USA Karate Team Members Jack Bodell, Rich Sowash, Doug Selchan and Dustin Baldis began their training at the school. Bodell was the first black belt promoted by Shihan Viola and would go on to be a member of the United States Secret Service protecting President Jimmy Carter. He also served as a referee for CV Productions during the Tough Guy Contest craze (The first mixed martial arts competitions in America).  Bodell would open additional schools in the late 1980s including West Newton, PA (School of Orthodox Shotokan Karate).  Their he oversaw Selchan and Baldis before relocating south to Memphis, Tenn.  Selchan took over as head instructor for the dojo. Doug went on the win a Gold Medal the 1999 Pan-American Games in the +80kg Kumite for the United States.  While in Tennessee, Bodell trained USA Karate Team Member Clay Morton.

Shihan Viola was inducted into the USA Karate Hall of Fame and honored as the 2003 Man of the year (Lifetime Achievement). Bill Jr. was a USA Karate All-American Athlete, multi-time National Champion and Member of USA Karate team in late 1990s.

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Doug Selchan USA Karate Pan American Games Gold Champion

selchan kumite

Profile:  USA Karate Champion Doug Selchan

U.S. Karate Team Captures Gold in Men’s Kumite

Doug Selchan
Doug Selchan USA Karate and Pan American Games Champion

U.S. Olympic Committee Press Release  WINNIPEG, Canada

The U.S. karate team ended its competition at the¬†1999¬†Pan American Games the same way it began the Games — with gold¬†medals.

George Kotaka (Honolulu, Hawaii), John Fonseca (Northbrook, Ill.) and¬†Doug¬†Selchan (North Huntington, Pa.) each won a gold medal in men’s kumite¬†in¬†their respective weight divisions to give the U.S. a total of five¬†individual gold medals. Akiru Fukuda (Huntington Beach, Calif.) and¬†Kellie¬†Kennedy (Seattle, Wash.) won gold medals in men’s and women’s kata on Sunday.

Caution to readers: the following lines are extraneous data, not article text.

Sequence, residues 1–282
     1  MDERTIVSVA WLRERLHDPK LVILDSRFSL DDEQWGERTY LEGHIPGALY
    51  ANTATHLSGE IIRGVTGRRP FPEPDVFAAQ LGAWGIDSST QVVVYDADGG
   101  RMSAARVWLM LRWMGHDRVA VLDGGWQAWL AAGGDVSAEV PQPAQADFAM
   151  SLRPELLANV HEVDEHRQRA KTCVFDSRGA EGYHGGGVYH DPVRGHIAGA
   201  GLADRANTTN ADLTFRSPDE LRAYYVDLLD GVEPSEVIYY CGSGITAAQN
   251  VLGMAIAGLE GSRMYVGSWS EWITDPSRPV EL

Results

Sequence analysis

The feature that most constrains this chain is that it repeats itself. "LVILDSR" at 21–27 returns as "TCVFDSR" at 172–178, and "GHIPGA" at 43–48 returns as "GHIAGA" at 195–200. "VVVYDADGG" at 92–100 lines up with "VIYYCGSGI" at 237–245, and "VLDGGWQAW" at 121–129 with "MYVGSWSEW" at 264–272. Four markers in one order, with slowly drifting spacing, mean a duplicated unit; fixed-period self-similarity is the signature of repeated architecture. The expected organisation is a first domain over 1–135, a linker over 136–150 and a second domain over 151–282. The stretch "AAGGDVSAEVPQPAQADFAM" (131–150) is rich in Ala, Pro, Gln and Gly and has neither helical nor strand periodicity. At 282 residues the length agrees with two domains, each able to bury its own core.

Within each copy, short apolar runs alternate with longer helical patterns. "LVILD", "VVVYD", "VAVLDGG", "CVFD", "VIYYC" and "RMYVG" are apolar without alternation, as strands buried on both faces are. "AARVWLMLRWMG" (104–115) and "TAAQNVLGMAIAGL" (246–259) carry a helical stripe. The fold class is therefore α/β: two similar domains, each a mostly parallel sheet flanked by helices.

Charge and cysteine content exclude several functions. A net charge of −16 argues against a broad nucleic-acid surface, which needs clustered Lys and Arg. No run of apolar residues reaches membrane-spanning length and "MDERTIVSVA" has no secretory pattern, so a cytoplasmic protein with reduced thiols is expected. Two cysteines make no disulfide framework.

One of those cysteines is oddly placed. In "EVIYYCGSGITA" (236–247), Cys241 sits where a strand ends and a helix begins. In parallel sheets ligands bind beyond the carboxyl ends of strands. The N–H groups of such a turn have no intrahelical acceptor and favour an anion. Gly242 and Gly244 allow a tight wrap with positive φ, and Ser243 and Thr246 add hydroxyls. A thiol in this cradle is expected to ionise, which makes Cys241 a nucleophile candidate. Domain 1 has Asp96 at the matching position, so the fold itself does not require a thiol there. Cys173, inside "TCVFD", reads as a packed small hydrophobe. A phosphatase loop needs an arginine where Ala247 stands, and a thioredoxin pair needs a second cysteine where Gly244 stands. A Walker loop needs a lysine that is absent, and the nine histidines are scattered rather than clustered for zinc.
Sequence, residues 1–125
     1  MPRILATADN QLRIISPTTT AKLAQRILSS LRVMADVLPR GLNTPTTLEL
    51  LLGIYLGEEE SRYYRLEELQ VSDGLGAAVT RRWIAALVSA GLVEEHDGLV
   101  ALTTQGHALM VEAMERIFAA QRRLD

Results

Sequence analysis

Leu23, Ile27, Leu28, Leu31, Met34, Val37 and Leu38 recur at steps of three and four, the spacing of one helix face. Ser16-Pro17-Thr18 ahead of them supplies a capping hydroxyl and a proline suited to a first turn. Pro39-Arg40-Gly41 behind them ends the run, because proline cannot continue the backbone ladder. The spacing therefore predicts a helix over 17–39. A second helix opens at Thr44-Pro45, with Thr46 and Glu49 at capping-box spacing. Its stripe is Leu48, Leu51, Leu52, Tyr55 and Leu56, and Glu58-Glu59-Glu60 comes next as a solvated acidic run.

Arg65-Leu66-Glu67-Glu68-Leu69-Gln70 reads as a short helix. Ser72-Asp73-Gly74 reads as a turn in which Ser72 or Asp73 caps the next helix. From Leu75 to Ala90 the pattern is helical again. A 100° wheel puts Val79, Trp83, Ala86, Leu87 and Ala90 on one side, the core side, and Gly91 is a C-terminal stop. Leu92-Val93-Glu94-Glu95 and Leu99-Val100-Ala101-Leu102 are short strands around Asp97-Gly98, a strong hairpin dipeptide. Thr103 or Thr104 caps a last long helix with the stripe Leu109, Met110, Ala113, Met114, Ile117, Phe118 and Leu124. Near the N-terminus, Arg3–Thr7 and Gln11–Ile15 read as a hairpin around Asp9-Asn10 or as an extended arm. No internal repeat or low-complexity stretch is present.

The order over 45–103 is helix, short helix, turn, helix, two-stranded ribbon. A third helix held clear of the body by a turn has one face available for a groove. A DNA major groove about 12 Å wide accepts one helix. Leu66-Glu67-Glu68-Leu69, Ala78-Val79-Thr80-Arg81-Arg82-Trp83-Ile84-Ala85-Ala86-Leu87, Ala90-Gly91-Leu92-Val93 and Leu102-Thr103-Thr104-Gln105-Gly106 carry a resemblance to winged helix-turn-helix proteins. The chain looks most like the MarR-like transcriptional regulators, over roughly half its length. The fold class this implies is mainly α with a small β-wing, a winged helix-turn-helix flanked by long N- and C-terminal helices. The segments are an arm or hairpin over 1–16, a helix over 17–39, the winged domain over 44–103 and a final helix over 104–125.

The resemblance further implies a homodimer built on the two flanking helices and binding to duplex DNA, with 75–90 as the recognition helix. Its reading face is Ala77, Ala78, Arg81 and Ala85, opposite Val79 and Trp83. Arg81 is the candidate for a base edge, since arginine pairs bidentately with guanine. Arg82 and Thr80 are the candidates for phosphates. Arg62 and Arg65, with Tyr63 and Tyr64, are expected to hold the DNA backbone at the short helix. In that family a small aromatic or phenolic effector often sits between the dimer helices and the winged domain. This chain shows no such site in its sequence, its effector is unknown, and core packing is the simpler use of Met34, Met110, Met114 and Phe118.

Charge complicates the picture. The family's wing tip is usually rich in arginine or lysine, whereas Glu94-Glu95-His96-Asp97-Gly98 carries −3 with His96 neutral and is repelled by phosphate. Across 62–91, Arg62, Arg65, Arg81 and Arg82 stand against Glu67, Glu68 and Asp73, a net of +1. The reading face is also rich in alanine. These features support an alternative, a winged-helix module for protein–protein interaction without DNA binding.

“We started with gold, and we ended with gold,” an elated U.S. head¬†coach¬†Tokey Hill said. “I can’t ask for more out of my boys and girls than¬†that.¬†They delivered.”¬†¬†Kotaka came back to defeat Alberto Espejo (COL) in the finals of the under¬†65kg. After giving up the first point with 2:43 remaining, Kotaka¬†scored¬†five times and held Espejo scoreless for the remainder of the bout.¬† “It was really nerve-wracking, but once we got out there, the jitters¬†were¬†gone and it was time to fight,” Kotaka said. “I initiated the attack¬†and he¬†(Espejo) countered it on the first point. But I knew that sooner or later,¬†because there were three minutes, I could come back and get some¬†points back.”

Fonseca never trailed in his bout against N.L. Sardenberg (BRA) in the¬†men’s under 80kg, needing only two minutes to score the maximum points¬†to¬†earn the gold.¬†“He (Sardenberg) is a very strong fighter, very sharp,” Fonseca said.¬†“But¬†¬†every body has good and bad days, and I felt very on today and maybe he was¬†a little off.”

Selchan completed the karate competition with a hard fought win over Altamiro Cruz (BRA) in the men’s over 80kg. The bout was stopped¬†several¬†¬†times after Selchan suffered a scratch above his right eye early in¬†the¬†match. Selchan recovered to take a 3-2 lead with 27 seconds remaining¬†and¬†then scored an Ippon with 10 seconds remaining to put the match out of¬†reach. Cruz scored with three seconds left, but time expired with¬†Selchan¬†leading 5-3.¬†“I knew I had it all along,” Selchan said,

“Not to sound conceited,¬†but¬†¬†this week I was very confident. I was in pretty good shape, felt¬†strong and felt good. I needed this win. It was a big win for me.”

Men’s Kumite Individual +80kg Gold Medal Match

  • Doug Selchan (USA)
  • Altamiro Cruz (BRA)
  • 3T. Manuel Costa (URU)
  • 3T. Yoel Diaz (CUB)

Norwin Student Gets a Kick From Karate -Pittsburgh Post Gazette By Torsten Ove